Sara Sampaio On Her Struggle With Trichotillomania And How She’s Helping Others Fight BFBRs

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Sara Sampaio walks the runway during the 2017 Victoria's Secret Fashion Show In Shanghai
Sara Sampaio walks the runway during the 2017 Victoria’s Secret Fashion Show In Shanghai

Photo Credit: Theo Wargo/Getty Images for Victoria’s Secret
Victoria’s Secret Angel Sara Sampaio is really living up to her job description. The Portuguese model is teaming up with The TLC Foundation to give one lucky winner the exclusive chance to attend the 2018 Victoria’s Secret Fashion Show in New York City and meet her after she struts down the catwalk, through an online auction benefiting those suffering from Body-Focused Repetitive Behaviors.

The cause is personal for Sampaio, who revealed her own struggle with Trichotillomania earlier this year on social media. After sharing her story, her Instagram account was flooded with messages from young girls who were ashamed of their own body-focused repetitive behaviors, which prompted her to partner with The TLC Foundation, a donor-supported, nonprofit organization devoted to ending the suffering caused by hair pulling disorder, skin picking disorder, and related body-focused repetitive behaviors. Through their partnership and the money raised from the auction, Sara hopes to de-stigmatize the disorder and provide support to those suffering.

Here, this Angel shares how she became involved with the organization, why she decided to share her story and how she makes herself feel beautiful on a daily basis.

Sampaio walks the runway at the Victoria's Secret Fashion Show on November 30, 2016 in Paris, France
Sampaio walks the runway at the Victoria’s Secret Fashion Show on November 30, 2016 in Paris, France

Photo Credit: FashionStock.com : Shutterstock.com
Tell us how you became involved with the TLC Foundation.

After I shared my story about Tricho on Instagram, I got an email from The TLC Foundation thanking me for sharing, and that they would love to meet me. So I had a lovely meeting with them in Los Angeles, and together we shared personal stories and talked about how I could get involved and help.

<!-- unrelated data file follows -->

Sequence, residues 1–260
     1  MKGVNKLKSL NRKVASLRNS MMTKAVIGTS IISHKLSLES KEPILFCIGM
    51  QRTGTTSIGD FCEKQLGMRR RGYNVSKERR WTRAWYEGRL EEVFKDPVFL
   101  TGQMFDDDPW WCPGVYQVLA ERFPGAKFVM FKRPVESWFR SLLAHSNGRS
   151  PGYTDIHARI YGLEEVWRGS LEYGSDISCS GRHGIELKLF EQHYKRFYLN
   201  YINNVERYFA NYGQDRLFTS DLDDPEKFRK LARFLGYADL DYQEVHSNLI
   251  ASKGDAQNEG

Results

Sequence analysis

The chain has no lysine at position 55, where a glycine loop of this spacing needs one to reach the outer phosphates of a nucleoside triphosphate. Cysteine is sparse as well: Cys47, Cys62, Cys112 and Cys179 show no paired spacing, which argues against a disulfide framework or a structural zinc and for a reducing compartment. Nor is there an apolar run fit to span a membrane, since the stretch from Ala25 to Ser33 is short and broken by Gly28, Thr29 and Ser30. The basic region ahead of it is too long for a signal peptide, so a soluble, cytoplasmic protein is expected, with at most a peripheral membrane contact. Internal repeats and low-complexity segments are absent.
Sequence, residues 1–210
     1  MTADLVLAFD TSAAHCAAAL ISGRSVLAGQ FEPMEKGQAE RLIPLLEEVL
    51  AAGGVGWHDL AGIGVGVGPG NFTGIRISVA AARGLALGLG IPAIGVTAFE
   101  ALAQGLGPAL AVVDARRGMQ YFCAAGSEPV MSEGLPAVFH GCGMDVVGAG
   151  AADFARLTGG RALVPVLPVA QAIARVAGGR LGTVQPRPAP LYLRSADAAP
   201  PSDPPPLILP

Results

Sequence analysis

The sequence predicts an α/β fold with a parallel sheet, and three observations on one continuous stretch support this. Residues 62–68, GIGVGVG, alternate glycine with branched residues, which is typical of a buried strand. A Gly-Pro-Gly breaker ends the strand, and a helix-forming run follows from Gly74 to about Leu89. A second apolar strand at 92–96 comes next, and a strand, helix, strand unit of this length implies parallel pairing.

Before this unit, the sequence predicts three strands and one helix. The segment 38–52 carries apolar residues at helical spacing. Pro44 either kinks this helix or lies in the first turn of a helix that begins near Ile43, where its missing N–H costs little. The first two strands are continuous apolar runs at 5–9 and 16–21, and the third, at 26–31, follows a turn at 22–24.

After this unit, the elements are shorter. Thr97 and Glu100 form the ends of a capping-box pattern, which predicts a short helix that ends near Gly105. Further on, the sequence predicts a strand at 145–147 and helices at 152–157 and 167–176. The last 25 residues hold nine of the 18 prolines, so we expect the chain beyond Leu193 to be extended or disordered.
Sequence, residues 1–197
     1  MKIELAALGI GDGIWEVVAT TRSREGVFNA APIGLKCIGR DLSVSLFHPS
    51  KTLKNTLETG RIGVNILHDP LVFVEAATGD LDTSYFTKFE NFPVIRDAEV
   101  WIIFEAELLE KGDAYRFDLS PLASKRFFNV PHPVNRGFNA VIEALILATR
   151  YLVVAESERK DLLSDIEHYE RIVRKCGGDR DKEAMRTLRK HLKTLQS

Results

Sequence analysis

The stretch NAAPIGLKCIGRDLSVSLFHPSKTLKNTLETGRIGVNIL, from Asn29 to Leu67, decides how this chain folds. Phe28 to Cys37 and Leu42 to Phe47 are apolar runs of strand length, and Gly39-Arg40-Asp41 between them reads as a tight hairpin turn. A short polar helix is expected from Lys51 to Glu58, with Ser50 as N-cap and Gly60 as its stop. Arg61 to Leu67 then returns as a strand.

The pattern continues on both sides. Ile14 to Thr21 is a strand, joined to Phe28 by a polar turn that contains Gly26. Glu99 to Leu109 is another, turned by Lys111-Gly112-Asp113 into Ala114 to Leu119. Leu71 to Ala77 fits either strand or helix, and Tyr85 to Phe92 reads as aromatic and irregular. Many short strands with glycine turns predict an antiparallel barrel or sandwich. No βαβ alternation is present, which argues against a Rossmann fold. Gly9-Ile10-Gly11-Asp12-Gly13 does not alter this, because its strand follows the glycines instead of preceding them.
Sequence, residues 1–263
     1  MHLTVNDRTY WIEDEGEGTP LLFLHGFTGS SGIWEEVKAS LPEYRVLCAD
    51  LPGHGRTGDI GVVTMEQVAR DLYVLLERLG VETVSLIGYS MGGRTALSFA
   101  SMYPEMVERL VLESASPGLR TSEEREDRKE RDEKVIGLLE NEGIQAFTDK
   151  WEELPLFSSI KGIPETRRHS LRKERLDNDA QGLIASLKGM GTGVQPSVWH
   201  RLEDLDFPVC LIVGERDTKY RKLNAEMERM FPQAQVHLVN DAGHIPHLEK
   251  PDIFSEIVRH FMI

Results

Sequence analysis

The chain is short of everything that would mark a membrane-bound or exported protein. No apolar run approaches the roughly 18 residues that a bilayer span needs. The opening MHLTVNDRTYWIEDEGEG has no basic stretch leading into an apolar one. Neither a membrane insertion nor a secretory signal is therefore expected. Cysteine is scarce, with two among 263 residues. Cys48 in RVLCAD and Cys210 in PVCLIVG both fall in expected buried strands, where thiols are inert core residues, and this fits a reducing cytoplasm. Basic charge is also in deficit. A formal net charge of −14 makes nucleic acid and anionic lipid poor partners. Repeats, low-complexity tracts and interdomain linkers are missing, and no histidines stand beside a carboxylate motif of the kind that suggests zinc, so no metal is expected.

What prompted you to share your personal struggle with Trichotillomania?

I wouldn’t call it a struggle, at least not for me. I never looked at it as something I was ashamed of, and I’ve always been very open about it with my family and friends. To me it’s just something weird that I do. So, when someone asked me on social media how I took care of my eyebrows I simply said I had gaps from my Tricho and talked about how I covered them. After mentioning Tricho I started receiving many messages from people that suffered from it as well, so I decided to talk a little bit more about my experience.

What was the kindest thing someone told you when you shared your story? Who was it and what was it, and how did this comment impact you?

I think every message I have received has been kind. Most messages were from people thanking me for sharing my story and that they were so ashamed of their own Tricho, that they never had the courage to talk about it. Many people told me that I inspired them to get help and talk to someone about it. I think one of the best messages I got recently was from a girl who told me that after I shared my story, she became so much more confident and didn’t feel alone anymore. Because of that, she actually stopped pulling her eyebrows and hasn’t done it for a month. It just makes me so happy and warms my heart that I was able to help someone with their struggle.

Sampaio celebrates the Victoria's Secret T-Shirt Bra at Victoria's Secret in New York City
Sampaio celebrates the Victoria’s Secret T-Shirt Bra at Victoria’s Secret in New York City

Photo Credit: Dimitrios Kambouris/Getty Images for Victoria’s Secret

When did you realize that you had a problem, and how did you receive help?

I never looked at it as a problem, but it was something I knew I did for a while. I think I started wondering why I pull on my eyebrows when I started noticing gaps. In the beginning I didn’t really know what it was, but makeup artists would ask me what happened to my eyebrows and would tell me to stop doing it (like it was that easy). As a kid I had a few ticks that eventually went away, so I thought that this would also go away. I found out it was called Tricho one day while Googling. Only in the beginning of this year did I actually decide to consult a doctor, mainly because I was worried I would eventually start doing it to my hair.

What do you want others suffering from BFRBs to know?

I want them to know that they at no point should feel ashamed or insecure about it and that talking about it helps. Also please use TLC Foundation as a resource to look for help as there are a few things that can be done to help.

shutterstock_667246606Photo Credit: Shutterstock

How do you hope to de-stigmatize this order?

I think my main goal is to just educate people about it so that when they encounter someone suffering from it they can be kind and helpful. The thing we hear the most is: JUST STOP. But if it was that simple this disorder wouldn’t exist. This is a disorder that can really affect someone’s self-confidence, so showing kindness and support is very important.

How do you personally feel beautiful every day?

I think I feel the most beautiful when I’m surrounded by people that I love. I know its cliché, but I think without happiness there’s no beauty.

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